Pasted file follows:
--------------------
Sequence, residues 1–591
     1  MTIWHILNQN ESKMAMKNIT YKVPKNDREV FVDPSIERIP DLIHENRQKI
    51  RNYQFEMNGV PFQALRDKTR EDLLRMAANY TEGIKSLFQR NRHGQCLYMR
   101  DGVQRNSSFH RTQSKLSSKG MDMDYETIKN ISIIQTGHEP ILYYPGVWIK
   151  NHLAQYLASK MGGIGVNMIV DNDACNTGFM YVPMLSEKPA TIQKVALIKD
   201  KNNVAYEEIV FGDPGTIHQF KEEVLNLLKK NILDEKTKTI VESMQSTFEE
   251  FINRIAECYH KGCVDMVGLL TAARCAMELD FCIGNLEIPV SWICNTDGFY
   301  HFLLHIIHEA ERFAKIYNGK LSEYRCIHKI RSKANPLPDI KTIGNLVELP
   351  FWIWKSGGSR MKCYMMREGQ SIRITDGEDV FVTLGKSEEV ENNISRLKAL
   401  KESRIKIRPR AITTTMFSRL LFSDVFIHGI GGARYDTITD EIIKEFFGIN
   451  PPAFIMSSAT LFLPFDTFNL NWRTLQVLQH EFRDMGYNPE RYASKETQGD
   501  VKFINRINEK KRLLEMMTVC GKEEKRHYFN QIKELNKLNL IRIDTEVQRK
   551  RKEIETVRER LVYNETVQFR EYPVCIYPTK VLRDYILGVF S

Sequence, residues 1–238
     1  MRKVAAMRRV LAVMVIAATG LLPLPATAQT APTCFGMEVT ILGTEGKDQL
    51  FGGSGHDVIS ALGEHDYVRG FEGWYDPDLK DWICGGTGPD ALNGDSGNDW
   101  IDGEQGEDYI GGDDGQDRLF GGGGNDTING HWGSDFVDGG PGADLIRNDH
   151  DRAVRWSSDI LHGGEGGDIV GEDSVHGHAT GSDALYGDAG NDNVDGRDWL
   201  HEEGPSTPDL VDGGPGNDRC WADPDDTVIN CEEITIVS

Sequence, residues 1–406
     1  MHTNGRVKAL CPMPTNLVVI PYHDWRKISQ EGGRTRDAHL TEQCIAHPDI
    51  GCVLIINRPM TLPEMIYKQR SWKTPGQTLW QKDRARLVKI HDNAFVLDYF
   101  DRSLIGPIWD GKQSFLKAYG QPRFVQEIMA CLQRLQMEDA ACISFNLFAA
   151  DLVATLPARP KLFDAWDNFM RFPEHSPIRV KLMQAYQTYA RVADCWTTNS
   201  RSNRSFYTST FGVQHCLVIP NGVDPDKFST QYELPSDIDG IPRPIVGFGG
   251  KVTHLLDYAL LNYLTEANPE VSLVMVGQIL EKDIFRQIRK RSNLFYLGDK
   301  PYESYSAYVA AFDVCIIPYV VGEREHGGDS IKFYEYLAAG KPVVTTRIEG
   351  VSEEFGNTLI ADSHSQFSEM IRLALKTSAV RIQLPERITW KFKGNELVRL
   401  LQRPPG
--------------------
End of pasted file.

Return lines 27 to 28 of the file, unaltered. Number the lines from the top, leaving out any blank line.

   301  PYESYSAYVA AFDVCIIPYV VGEREHGGDS IKFYEYLAAG KPVVTTRIEG
   351  VSEEFGNTLI ADSHSQFSEM IRLALKTSAV RIQLPERITW KFKGNELVRL